Which is what they promptly proceeded to do, as soon as they were set free. 

“And daily in the temple, and in every house, they ceased not to teach and preach Jesus Christ.” Acts 5:42

They couldn’t stop teaching about Jesus because that would have involved denying Him:

Whosoever therefore shall confess me before men, him will I confess also before my Father which is in heaven. But whosoever shall deny me before men, him will I also deny before my Father which is in heaven.” Matthew 10:32-33

And if they stopped teaching about Jesus, they would have also been disobeying Jesus’ direct command:

“And he said unto them, Go ye into all the world, and preach the gospel to every creature.” Mark 16:15

How Can We Apply This Principle to Marriage?

If your husband asks you to do something that would involve denying or disobeying Christ, then you should follow the example of the apostles and not do it

For example, if your husband wanted you to become a member of a religion that clearly rejects the essentials of the faith (such as the deity of Christ), then you must put Christ first. If your husband himself decided to become a member of that religion, then you can’t control his decision – you can only control your own.

What if he didn’t want you to go to church at all? Does he have the right to force you to disobey God’s command to “not forsake the assembling of ourselves together” (Hebrews 10:25)? To demand that you disobey God in this matter is beyond the limits of his God-given authority.

Your husband can’t biblically prohibit you from reading the Bible, praying to God, sharing the Gospel, or going to church – and neither can he force you to follow a false religion.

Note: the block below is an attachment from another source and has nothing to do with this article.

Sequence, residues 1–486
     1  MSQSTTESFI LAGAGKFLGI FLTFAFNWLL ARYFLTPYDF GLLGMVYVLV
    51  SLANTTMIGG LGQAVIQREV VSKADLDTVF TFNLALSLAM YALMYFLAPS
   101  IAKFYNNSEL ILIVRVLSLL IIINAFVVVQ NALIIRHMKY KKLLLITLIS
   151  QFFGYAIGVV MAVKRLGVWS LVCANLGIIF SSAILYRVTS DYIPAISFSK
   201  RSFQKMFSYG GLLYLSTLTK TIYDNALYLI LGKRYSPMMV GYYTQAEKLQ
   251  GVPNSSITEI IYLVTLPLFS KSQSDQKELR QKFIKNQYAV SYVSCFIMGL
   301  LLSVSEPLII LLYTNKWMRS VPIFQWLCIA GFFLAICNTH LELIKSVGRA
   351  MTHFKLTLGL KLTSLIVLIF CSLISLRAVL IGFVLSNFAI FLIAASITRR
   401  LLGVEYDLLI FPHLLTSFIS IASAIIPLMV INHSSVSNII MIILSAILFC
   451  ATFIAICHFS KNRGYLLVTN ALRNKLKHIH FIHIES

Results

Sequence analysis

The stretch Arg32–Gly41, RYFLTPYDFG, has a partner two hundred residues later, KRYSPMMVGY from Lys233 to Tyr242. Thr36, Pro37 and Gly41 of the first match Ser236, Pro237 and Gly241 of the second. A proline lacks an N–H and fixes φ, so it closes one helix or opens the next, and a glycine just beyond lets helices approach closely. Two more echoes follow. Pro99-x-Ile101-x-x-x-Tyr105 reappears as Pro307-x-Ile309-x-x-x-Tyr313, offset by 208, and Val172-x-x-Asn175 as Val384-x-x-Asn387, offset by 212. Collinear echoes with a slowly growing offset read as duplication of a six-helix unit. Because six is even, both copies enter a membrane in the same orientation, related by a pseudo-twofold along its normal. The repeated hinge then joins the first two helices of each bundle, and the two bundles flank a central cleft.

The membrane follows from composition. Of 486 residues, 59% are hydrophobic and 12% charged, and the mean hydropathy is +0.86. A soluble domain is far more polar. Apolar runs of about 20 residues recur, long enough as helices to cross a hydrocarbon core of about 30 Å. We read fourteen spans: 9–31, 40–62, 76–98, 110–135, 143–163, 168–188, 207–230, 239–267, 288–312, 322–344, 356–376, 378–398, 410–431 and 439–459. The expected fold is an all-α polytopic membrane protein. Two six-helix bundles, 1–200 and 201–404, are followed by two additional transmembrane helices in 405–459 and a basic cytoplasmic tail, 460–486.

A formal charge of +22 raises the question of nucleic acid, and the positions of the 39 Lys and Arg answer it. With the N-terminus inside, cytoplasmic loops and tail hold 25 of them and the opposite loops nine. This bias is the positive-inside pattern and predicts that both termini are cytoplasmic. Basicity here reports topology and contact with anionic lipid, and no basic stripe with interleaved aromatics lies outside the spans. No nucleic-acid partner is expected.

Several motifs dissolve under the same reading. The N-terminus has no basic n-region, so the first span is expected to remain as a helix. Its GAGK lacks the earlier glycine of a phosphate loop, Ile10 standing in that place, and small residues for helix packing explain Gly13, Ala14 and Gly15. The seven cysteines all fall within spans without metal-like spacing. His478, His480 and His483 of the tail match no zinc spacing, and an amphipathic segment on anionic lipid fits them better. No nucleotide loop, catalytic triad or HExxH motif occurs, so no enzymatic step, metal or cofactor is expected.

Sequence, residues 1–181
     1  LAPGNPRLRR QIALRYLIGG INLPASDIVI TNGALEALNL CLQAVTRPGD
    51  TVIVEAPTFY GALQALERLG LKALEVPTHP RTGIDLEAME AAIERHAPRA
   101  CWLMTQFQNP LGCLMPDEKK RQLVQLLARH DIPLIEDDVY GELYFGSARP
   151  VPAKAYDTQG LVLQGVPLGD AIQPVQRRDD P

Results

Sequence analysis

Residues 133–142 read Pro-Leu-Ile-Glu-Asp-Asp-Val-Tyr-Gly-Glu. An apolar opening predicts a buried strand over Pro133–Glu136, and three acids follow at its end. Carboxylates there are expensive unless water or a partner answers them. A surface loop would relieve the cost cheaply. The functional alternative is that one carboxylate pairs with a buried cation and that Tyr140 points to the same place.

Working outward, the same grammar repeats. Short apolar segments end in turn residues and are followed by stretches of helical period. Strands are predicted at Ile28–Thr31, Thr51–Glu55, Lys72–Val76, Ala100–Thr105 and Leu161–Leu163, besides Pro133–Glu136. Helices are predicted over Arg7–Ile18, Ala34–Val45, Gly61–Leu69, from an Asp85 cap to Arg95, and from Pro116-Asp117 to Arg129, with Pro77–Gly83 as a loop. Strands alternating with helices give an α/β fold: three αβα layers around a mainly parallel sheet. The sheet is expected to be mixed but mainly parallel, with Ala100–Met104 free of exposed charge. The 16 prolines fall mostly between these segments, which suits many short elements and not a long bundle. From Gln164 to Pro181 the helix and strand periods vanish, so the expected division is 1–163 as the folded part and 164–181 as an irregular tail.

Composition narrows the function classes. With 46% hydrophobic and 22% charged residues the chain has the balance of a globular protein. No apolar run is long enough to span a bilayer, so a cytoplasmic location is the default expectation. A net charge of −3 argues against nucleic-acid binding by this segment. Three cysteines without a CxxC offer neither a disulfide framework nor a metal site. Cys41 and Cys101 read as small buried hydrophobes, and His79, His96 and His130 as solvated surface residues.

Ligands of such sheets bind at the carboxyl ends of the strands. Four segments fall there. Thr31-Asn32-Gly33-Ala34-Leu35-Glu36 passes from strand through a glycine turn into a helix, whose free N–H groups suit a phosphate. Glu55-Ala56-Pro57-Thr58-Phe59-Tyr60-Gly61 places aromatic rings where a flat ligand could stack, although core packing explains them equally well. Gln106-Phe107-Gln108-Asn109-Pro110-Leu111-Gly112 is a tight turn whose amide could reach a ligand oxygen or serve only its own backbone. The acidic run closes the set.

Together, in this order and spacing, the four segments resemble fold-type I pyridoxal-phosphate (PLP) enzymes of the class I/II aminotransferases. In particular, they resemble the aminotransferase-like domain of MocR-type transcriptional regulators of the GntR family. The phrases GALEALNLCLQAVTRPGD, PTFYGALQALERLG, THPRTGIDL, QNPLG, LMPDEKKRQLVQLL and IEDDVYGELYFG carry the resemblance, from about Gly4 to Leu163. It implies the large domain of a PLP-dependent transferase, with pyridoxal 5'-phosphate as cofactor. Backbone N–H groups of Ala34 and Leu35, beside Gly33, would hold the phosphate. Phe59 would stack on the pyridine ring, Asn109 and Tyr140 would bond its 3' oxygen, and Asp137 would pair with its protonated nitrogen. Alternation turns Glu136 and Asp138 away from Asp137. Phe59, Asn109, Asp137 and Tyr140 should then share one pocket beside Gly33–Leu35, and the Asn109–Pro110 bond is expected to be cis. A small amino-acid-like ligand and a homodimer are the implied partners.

However . . .

If your husband wanted you to join a church that simply holds religious views on secondary issues contrary to your own but does not reject the essentials of the faith, the situation becomes less clear-defined. My thoughts are that if you are not being asked to deny or disobey Christ, then you should submit to your husband’s desire for you to join or attend that church.

It doesn’t mean you can’t have an opinion of your own – it just means you value the health of your marriage.

I once heard a woman say she had stopped going to the same church where her husband was a pastor because the requirements of that particular denomination were “too oppressive.” Basically, they believed in women wearing long skirts and dresses, wearing a veil to church, not using makeup or jewelry, and having long hair. She didn’t feel she should have to go along with something she herself didn’t believe in, but as a pastor’s wife, she knew she had to be a model of what that denomination believed. She had been following “the rules” for some time, until she got tired of them; I suppose she thought she would be a hypocrite if she were to keep on doing so.

When she told me her husband was gone to a week-long convention for that church while she was attending a separate special service for the other church she had chosen, I felt sorry for their marriage. I couldn’t understand why she would risk the health of her marriage in order to “follow my convictions.”